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Brisēis (3 syl.)


The patronymic name of Hippodamīa, daughter of Briseus (2 syl.). A concubine of Achilles, to whom he was greatly attached. When Agamemnon was compelled to give up his own concubine, who was the daughter of a priest of Apollo, he took Brisēis away from Achilles. This so annoyed the hero that he refused any longer to go to battle, and the Greeks lost ground daily. Ultimately, Achilles sent his friend Patroclos to supply his place. Patroclos was slain, and Achilles, towering with rage, rushed to battle, slew Hector, and Troy fell.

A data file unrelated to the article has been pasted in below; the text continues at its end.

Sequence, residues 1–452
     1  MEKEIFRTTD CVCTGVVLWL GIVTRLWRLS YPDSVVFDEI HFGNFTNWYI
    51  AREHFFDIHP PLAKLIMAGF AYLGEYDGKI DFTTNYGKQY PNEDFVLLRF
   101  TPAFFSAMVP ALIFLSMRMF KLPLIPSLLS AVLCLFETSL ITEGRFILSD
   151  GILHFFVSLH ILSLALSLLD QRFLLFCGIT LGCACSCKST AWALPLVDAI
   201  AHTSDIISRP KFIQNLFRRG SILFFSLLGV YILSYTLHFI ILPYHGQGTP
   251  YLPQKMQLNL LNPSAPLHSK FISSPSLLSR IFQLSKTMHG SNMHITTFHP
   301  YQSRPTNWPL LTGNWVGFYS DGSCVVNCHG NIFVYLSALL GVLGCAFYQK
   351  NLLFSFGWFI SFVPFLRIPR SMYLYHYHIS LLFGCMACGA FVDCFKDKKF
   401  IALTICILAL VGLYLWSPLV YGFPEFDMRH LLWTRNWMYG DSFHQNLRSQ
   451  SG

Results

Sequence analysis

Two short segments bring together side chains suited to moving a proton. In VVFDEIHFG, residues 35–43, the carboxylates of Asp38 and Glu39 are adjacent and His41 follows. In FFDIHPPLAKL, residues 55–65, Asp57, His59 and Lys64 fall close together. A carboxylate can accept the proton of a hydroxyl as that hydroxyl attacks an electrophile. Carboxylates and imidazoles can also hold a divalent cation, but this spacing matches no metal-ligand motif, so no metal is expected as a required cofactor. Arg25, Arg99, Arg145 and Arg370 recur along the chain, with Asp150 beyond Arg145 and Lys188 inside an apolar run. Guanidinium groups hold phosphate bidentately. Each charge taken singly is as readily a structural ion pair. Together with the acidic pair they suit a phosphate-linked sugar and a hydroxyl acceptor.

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Entry taken from Dictionary of Phrase and Fable, edited by the Rev. E. Cobham Brewer, LL.D. and revised in 1895.

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Bring Round (To)
Bring To (To)
Bring to Bear (To)
Bring to Book (To)
Bring to Pass (To)
Bring to the Hammor (To)
Bring Under (To)
Bring Up (To)
Brisk as a Bee
Bristol Board
Bristol Boy (The)
Bristol Diamonds
Bristol Fashion (In)
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